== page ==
Now, as NCR's regional vice president (financial solutions division), Yuen is even more determined to promote technological efficiency in the banking sector. The need for solutions that would enable people to service themselves is real, Yuen believes, and he wants the consumer banking experience to become "an enriching and satisfying" one.
What keeps you going at your job?
Undoubtedly, my hunger to meet and interact with different people. While I have enjoyed professional feathers-in-my-cap, they have not been the sustaining factors. Rather, my desire to do an honest job, be it for my customers, my team members or the company at large, has ensured that I have found continual excitement and passion for my job for the past 21 years.
What wouldn’t you compromise on when it comes to doing business?
My integrity. And this integrity is a collective standard, encompassing many attributes - delivering on promises made by me, my team or the company to my customers, an unshakeable commitment to giving each task my best shot, sincerity of the spoken word and honesty. I would measure it [not purely by] quantifiable metrics, but more by a sense of personal commitment.
Is there a role model who you look up to?
Not one single person, and I don’t say this out of a sense of misplaced pride! But there are many people whom I respect and who have been great teachers of mine and who have shaped my thoughts, [my] way of doing business and my value system. I have grown as a result of my interactions with them. To me, a role model would have to embody perfection, and I believe that all men have good and bad points. Thus, since perfection eludes mankind for the moment, I suppose I would say that I have no single role model.
Do you think technology isolates people or brings them closer together?
Both. It depends [on] how you choose to use it. For example, while sitting a mere cubicle away from a colleague, if you send an e-mail, rather than walk over and have a chat, then technology can work to isolate people. However, when e-mail helps people connect across thousands of miles, it demonstrates how technology brings people together. It’s all about how judiciously you use what you have at your disposal.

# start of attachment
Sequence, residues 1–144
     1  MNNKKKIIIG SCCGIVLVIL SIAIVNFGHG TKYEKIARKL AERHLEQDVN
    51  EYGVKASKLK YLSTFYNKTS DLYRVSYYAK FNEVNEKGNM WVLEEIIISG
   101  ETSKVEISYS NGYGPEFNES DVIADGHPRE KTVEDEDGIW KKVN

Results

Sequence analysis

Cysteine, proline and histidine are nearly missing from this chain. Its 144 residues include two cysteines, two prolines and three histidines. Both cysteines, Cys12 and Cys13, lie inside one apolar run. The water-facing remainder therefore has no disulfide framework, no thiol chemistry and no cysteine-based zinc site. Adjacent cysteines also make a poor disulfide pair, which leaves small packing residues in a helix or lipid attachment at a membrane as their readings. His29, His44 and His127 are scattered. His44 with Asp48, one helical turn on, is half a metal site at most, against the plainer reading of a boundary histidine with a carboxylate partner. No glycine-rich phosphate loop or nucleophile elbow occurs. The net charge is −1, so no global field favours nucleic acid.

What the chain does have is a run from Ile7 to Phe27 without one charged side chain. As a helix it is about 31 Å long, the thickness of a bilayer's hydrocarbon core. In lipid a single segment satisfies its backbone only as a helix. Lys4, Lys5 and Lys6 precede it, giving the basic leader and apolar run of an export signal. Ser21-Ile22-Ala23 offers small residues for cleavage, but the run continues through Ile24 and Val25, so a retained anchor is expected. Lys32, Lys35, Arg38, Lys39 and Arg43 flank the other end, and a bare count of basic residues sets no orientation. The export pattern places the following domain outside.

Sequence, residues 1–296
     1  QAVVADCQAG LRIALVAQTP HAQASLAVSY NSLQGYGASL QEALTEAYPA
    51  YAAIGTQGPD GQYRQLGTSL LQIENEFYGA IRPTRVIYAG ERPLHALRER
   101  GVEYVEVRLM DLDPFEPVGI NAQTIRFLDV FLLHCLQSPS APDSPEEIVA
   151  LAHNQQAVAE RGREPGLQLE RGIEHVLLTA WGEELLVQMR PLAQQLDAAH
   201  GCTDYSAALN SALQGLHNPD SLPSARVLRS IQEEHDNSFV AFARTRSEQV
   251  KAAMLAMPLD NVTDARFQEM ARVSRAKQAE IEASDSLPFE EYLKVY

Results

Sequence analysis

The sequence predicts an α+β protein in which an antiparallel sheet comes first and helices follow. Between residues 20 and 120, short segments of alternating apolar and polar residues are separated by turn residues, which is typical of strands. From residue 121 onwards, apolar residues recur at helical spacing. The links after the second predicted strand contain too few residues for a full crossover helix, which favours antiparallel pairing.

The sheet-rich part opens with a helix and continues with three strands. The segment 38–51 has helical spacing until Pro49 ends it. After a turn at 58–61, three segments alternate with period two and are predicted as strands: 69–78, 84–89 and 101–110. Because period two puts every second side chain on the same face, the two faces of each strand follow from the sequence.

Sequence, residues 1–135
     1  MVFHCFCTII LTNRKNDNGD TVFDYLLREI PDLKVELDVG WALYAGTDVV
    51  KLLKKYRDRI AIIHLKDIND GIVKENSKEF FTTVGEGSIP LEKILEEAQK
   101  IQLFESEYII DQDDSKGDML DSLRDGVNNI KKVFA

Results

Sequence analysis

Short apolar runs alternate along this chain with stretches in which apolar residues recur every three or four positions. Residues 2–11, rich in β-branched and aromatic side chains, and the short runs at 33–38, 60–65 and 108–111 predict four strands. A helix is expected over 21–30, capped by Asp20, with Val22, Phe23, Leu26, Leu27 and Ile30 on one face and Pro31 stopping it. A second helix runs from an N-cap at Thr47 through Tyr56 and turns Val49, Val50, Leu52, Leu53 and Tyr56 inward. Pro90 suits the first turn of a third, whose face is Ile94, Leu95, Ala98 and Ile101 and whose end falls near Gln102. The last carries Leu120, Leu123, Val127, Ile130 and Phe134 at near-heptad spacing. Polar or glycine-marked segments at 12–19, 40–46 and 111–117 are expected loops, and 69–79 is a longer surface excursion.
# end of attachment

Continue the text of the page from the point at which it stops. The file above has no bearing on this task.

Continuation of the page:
Has the birth of the Internet helped or hampered your way of life?
All things considered, I would say it has helped more than hampered my life. I can now save precious moments by shopping online, quickly and efficiently, rather than braving the crowds to hunt for what I need. And all the while, my wife can watch over my shoulder and approve my choices … all in the comfort of my home!
Which aspect(s) of the Asian culture do you think makes for a good or bad business edge in the global IT market?
I think the key differentiating factor in the way that Asia does business compared to non-Asian countries, is that of “people and relationships”. The business handshake signifies more than just a transaction; it is a personal commitment, a sense of trust, an obligation and a measure of the relationship between the parties concerned. This aspect of the Asian culture is a good one for business, even in the international arena.
Having said that, this same factor can also be a hindrance for us. Too often, swept up by our sense of personal and historical relationships, we are unable to be objective in business dealings. Emotions override empirical evidence, logic and commonsense sometimes spiraling us towards a crisis. If we are able to strike a balance, I’m sure we could leverage this aspect of Asian culture to our advantage.
What kind of mindset do you think is needed to survive in this digital age?
I think an ability to adapt more nimbly to change is necessary. The digital age is mainly characterized by rapid changes occurring frequently. Other than that, this age is not so different from its predecessors; the fundamentals don’t change. The key lies in recognizing change and not letting it overwhelm you.
We have more tools, better technology, but less time. What happened?
I think we used the technology at our disposal the wrong way. Actually, we don’t really have less time – we still have 24 hours, whether you are a President or a man on the street. What happened is that our priorities changed and we started letting others drive our priorities. If we can arrest this trend, we wouldn’t feel as we do now.
Is there anything you would have done differently if given the choice?
Not really … but I do sometimes wonder what would’ve changed if I had the maturity of my years now, back then. I wonder if, by my being more mature earlier, whether the outcome of situations would have been more, or less, satisfactory. But I also know that life is not an experiment and cannot be lived as one! Even if I knew then what I know now, it may have not made a real difference. As long as I have approached my life with integrity, I have no regrets.
What do you do to de-stress?
I like reading though I should admit that I tend to buy books faster than I read them. Other than that I find that a morning swim rejuvenates me like nothing else. People tell me that golf can be quite relaxing, but with my level of proficiency (or lack thereof), I find that it stresses me out more than anything else!
Which Web sites do you visit most often?
www.ncr.com (naturally!), online stock broking sites and www.formula1.com (as a confirmed sports fan!)
Which gadget is on your most wanted list?
Powerful gadgets enabling wireless connectivity. I should add though, that while gadgets are certainly getting smaller, adapters are not!
With the proliferation of tech-related acronyms such as B2B, CRM, and HTTP, what's your favorite one?
(smiles..) Without a doubt … ATM!
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